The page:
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Kat Dierickx | 01.18.2016

Crater Lake is Oregon's only national park, and it can get quite busy in the summer months. The winter, however, is an entirely different story. With the historic Crater Lake Lodge closed for the season, the parade of cars gives way to an average of 44 feet of snow each season, making Crater Lake an ideal winter playground for outdoor enthusiasts. There is no entrance fee in the winter months.

Most wintertime travelers stop at the Steel Information Center or the Rim Village Cafe and Gift Shop, both which are open year round and are the only facilities accessible by car in the winter. Either spot is a great opportunity to take a short walk to peer over the caldera rim and snap a photo of the deepest lake in the United States. Visitors can join a complimentary ranger-led mile-long snowshoe walk at 1:00 p.m. every Saturday and Sunday. Snowshoes are provided, and no experience is required. Space on the tours is limited, and advance reservations are required. Call the visitor center at 541.594.3100 for more information and to reserve your spot. 

With Rim Drive closed to traffic from October through May or June depending on the snow levels, the park beyond Rim Village is incredibility quiet, peaceful and downright gorgeous. Using Rim Village as a starting point, there are plenty of day trips and overnight adventures to really experience Crater Lake in the winter. Snowshoes or skis (either cross-country or backcountry) are required for winter travel in the park. Rentals are available at the Steel Information Center.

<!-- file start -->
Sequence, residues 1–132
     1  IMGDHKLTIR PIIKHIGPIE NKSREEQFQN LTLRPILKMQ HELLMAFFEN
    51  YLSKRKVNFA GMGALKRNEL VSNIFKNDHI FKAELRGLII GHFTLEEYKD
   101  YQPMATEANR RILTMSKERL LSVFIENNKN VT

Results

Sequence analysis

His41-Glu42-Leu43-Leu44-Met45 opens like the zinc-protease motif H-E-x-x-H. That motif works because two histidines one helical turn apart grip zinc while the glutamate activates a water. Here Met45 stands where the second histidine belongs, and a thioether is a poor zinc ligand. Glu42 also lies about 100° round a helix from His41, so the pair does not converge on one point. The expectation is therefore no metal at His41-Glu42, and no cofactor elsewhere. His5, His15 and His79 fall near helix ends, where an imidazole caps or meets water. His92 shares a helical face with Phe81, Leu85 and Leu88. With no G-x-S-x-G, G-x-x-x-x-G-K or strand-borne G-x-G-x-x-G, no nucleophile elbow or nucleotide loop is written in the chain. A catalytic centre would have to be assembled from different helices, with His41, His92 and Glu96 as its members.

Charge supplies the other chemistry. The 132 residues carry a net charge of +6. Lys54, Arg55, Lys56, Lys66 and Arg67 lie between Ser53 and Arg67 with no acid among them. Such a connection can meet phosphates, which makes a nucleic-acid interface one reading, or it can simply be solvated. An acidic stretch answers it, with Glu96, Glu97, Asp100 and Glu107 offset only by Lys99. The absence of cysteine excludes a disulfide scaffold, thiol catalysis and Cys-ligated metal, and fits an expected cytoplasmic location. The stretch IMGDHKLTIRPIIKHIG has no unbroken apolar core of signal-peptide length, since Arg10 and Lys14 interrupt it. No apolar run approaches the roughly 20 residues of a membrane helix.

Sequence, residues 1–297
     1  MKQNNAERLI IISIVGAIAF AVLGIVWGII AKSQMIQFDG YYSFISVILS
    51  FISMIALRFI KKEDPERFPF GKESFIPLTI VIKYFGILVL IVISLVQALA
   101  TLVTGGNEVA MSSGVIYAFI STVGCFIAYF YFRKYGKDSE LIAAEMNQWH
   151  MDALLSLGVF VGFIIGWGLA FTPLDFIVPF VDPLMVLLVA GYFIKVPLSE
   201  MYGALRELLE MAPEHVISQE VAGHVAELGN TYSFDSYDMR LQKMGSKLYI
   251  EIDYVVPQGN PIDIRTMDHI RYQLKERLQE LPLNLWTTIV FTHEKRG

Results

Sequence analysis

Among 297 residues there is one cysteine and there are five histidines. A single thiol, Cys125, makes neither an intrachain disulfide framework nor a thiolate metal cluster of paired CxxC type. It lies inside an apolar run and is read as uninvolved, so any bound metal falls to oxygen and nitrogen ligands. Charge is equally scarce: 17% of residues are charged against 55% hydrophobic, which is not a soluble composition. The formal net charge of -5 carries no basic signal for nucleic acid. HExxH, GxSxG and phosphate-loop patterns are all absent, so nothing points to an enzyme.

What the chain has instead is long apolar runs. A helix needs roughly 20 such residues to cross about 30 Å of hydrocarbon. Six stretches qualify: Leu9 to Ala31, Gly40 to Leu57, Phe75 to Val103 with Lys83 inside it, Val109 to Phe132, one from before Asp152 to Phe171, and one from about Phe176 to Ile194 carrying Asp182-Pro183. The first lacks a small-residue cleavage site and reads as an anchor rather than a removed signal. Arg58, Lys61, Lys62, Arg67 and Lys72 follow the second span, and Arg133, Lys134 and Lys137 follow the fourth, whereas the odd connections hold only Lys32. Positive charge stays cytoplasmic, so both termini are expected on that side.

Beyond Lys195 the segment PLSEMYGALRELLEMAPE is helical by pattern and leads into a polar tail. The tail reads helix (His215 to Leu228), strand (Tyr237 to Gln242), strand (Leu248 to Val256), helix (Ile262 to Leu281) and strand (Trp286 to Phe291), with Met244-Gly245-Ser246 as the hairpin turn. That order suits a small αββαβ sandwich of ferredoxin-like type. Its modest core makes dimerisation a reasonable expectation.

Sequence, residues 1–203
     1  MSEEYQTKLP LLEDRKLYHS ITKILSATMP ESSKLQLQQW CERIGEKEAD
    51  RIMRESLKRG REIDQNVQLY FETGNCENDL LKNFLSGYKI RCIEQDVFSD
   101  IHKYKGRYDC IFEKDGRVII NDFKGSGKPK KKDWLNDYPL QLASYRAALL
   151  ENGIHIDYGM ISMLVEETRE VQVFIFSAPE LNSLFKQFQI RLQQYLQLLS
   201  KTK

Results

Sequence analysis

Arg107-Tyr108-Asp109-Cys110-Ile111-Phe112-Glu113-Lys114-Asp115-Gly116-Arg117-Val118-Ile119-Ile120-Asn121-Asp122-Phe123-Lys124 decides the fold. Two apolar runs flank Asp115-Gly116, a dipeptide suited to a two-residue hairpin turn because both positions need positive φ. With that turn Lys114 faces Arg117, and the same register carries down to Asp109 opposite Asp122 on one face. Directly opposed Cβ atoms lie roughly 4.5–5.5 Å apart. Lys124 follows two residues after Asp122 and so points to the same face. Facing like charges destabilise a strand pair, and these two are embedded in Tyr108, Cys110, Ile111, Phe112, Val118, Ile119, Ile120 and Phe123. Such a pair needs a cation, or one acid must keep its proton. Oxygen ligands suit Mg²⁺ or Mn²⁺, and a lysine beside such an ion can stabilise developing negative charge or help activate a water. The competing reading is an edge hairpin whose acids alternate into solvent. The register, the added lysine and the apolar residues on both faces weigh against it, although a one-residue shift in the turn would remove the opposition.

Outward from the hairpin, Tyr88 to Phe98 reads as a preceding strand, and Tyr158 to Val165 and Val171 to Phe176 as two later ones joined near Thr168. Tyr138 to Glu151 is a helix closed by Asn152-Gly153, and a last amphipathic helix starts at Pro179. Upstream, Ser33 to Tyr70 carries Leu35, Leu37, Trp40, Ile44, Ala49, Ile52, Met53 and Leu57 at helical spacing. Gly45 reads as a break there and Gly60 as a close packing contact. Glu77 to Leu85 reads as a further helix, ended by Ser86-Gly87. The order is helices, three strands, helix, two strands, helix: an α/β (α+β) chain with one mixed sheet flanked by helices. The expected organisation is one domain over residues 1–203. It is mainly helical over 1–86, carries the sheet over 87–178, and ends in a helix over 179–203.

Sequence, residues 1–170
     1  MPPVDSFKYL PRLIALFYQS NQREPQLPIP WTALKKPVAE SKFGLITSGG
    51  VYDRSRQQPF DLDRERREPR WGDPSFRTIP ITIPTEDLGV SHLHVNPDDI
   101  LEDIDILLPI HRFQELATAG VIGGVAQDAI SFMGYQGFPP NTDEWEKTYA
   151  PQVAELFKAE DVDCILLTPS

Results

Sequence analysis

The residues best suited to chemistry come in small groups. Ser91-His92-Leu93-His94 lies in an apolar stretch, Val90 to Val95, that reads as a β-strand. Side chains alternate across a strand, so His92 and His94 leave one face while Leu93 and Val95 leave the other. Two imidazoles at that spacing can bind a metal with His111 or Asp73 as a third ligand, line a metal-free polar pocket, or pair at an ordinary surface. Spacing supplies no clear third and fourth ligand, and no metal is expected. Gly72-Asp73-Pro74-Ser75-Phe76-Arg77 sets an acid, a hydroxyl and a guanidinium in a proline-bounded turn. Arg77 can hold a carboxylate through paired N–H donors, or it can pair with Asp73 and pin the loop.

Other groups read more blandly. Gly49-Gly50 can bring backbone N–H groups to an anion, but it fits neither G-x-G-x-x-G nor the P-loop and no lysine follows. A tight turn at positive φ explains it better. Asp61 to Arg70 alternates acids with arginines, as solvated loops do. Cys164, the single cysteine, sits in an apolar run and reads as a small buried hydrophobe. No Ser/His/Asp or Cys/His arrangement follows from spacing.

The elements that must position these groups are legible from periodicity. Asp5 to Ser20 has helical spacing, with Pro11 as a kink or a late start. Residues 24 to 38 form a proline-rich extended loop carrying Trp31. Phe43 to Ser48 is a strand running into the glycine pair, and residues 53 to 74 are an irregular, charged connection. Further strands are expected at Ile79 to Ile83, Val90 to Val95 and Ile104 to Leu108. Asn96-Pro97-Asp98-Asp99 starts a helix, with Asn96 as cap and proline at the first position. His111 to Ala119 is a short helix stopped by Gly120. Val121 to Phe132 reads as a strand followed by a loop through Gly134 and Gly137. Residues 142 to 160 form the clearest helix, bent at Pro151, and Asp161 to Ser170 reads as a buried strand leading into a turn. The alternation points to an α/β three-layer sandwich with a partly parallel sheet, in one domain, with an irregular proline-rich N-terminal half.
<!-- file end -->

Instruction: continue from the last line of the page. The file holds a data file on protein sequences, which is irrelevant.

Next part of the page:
Day Trips

The Garfield Peak Snowshoe is 6.5-mile there-and-back that will take travelers to one of the highpoints along the crater's rim. The ridge to the peak is exposed and can be quite windy, so be prepared for cold wind and blowing snow. The trail differs from the summer route as certain sections pose avalanche threats in the winter. Be sure to bring a map and GPS for off-trail navigation.

The Discovery Point Trail leaves from Rim Village and parallels Rim Drive going clockwise. You can either follow the unplowed road to the parking area for Discovery Point or the actual trail just below the road. Both options are just over 2 miles there-and-back. 

Following the Rim Drive will offer additional viewpoints beyond Discovery Point. The Wizard Island Overlook is about 4.6 miles there-and-back, Union Peak Overlook is 6.2, Watchman Overlook is 7.8, Diamond Lake Overlooks is 9.2, and North Junction is 12 miles. 

For an even better view from the Watchman Overlook, climb to The Watchman lookout tower. This will end up being a 7.25-mile loop because you can cut off the road before the overlook. 


Backcountry camping is allowed as long as campers are not within a mile of any plowed road, not within 100 feet of any water source, and not within visibility of any other backcountry campers or ski trails. All campers must register at the Steel Information Center for a free permit before camping. It is strongly recommended that campers have winter camping experience, winter survival skills and avalanche training as conditions can change quickly and without warning. Pets are not permitted in the backcountry.

Skiing or snowshoeing around Rim Drive is an unforgettable experience. The 30-mile loop is often completed in three to five days depending on the weather conditions. There are a few areas that are prone to avalanches, making it vital to familiarize yourself with avalanche safety precautions.

Be sure to check the current conditions at the park by calling the information center. As always, practice Leave No Trace Principles while backcountry camping.


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